Welcoming Lent with Joy and Reverence

Welcoming Lent with Joy and Reverence


The Great and Holy Fast of our Sacred Orthodox Church has begun. It is a fast that commences with marked strictness. In the monasteries and at our Sacred Archdiocese headquarters, no food will be taken until the Pre-Sanctified Divine Liturgy, which is always scheduled for the morning of the third day of the Fast. No food is taken for two full days!

I have often found this type of strict abstinence difficult and beyond my strength, but nonetheless its existence — not only in far away Mount Athos and obscure monasteries scattered throughout the world, but even here at our own Archdiocesan Centre in Miramar, Wellington, New Zealand — underlines for all of us, those who fast and those who don’t, the sober nature of the Lenten Fast.

It is treated in the universal Church as something sacred and containing great power. One can almost imagine the same hushed reverence among scientists and soldiers in the presence of a nuclear weapon. No false moves or careless behavior. Instead, we embrace focus and caution. Does the fast have that kind of power? Yes, it does. It has the power to make sinners into saints! That is a power rarely found on earth! Let us begin it with attention!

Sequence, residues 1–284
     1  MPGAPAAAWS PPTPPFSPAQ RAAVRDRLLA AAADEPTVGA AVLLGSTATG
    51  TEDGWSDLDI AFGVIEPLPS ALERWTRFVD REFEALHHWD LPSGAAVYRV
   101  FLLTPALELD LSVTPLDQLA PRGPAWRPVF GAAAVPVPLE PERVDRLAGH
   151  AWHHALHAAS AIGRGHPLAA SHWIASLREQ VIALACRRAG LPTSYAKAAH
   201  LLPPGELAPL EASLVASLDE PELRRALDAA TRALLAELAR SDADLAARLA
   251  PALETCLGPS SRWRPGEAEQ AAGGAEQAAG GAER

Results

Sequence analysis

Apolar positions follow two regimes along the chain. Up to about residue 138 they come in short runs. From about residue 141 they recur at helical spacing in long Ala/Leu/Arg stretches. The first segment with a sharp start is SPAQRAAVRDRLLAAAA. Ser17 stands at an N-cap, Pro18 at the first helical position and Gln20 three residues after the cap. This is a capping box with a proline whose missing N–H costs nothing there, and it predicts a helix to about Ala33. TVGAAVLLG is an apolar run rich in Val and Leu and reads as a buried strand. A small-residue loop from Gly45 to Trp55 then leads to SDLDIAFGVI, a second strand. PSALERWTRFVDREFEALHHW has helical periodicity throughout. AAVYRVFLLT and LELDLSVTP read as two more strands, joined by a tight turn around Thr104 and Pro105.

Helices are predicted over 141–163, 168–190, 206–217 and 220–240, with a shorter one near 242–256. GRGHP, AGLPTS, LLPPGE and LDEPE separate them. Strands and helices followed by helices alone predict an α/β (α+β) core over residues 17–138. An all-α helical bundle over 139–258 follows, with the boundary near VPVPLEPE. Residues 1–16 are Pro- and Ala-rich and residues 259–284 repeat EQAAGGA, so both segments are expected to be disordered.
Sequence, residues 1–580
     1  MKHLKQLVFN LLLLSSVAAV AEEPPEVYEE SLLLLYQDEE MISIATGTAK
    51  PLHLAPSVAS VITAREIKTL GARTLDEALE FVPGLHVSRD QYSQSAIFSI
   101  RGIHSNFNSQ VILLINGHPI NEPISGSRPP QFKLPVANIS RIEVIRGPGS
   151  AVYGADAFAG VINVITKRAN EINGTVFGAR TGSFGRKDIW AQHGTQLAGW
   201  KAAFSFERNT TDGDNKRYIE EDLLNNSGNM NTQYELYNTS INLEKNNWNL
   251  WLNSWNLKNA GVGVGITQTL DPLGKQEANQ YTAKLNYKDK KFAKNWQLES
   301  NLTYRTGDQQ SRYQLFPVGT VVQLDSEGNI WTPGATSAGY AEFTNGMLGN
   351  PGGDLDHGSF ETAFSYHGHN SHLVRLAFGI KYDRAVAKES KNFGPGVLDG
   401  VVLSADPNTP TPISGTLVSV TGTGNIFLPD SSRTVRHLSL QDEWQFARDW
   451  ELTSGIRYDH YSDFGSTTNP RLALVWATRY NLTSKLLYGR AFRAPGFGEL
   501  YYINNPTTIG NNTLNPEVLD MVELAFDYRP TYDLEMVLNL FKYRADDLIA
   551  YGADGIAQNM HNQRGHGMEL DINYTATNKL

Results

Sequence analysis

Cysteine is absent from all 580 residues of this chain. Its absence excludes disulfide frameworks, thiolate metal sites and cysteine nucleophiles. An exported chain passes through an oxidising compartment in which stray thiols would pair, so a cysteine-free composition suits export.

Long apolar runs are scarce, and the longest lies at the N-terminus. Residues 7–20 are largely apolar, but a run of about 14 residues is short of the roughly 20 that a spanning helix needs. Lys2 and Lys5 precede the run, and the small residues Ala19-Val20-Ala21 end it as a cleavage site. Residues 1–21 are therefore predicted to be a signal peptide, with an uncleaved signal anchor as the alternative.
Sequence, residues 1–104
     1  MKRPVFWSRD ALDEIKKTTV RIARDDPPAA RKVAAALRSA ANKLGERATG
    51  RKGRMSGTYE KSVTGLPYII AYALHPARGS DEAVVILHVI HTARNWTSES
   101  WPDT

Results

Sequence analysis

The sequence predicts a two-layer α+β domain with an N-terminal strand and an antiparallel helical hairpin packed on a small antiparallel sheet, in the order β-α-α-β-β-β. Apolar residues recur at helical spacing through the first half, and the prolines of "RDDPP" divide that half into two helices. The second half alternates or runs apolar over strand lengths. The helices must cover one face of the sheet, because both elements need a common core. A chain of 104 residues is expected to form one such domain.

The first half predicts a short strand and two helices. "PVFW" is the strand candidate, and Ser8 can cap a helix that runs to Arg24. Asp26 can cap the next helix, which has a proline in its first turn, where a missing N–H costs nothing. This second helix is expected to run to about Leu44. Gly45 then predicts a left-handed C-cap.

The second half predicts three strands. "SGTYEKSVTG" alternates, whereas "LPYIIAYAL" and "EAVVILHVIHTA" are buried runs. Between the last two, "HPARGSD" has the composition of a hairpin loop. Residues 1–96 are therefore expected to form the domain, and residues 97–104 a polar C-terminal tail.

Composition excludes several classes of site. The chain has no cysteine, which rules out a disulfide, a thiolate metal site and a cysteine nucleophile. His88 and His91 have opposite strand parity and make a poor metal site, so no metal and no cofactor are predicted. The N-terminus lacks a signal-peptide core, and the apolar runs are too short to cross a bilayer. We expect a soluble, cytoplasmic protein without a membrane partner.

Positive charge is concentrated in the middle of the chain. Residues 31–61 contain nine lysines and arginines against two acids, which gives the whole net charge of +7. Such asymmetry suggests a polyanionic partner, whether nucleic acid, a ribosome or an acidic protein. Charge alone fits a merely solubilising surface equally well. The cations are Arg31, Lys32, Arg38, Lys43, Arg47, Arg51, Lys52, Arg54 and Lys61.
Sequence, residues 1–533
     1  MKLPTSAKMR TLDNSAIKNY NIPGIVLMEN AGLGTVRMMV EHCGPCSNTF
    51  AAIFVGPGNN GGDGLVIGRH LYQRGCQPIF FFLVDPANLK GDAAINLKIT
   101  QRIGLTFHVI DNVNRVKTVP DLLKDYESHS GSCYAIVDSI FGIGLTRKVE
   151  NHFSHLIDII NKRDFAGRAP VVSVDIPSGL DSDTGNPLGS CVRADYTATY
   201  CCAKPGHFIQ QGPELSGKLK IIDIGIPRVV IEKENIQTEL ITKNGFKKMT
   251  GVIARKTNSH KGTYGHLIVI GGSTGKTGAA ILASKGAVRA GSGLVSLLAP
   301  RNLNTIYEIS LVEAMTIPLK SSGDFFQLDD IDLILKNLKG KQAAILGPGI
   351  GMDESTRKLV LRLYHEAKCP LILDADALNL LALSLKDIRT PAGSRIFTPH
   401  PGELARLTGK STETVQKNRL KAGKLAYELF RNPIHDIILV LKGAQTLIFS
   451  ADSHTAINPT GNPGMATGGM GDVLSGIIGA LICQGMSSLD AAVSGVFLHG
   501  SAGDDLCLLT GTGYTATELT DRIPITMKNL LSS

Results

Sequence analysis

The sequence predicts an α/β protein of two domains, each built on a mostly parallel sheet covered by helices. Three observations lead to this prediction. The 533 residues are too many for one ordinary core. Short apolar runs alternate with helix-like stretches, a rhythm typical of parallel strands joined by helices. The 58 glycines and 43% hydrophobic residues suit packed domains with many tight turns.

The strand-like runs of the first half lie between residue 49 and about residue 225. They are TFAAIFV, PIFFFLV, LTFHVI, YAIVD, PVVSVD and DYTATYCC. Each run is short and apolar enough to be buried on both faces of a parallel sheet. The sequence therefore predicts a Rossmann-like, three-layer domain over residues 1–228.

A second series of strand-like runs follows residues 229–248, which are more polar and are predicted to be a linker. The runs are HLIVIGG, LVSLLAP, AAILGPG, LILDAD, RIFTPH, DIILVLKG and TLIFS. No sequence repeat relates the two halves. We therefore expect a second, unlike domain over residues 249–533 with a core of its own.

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About author

Fr. Pavlos Patitsas

Father Pavlos Patitsas is a priest of the Greek Orthodox Archdiocese of New Zealand which is under the spiritual omophorion of the Œcumenical Patriarchate. He is originally from the United States of America. He grew up in the lovely parish of the Annunciation in Akron, Ohio and was one of the many priests who came from that vibrant and godly parish. He has served the Greek Orthodox Archdiocese of America in many capacities since his youth, and was ordained to the priesthood by His Eminence Metropolitan Maximos of Pittsburgh in 1992. He served three parishes in the US (Ypapanti, East Pittsburgh, PA, St. Demetrios, Rocky River, OH, and St. George, Albuquerque, NM) and now serves the Holy Trinity Church in Auckland, New Zealand. He and his Presvytera Katerina have three children whom they love to distraction…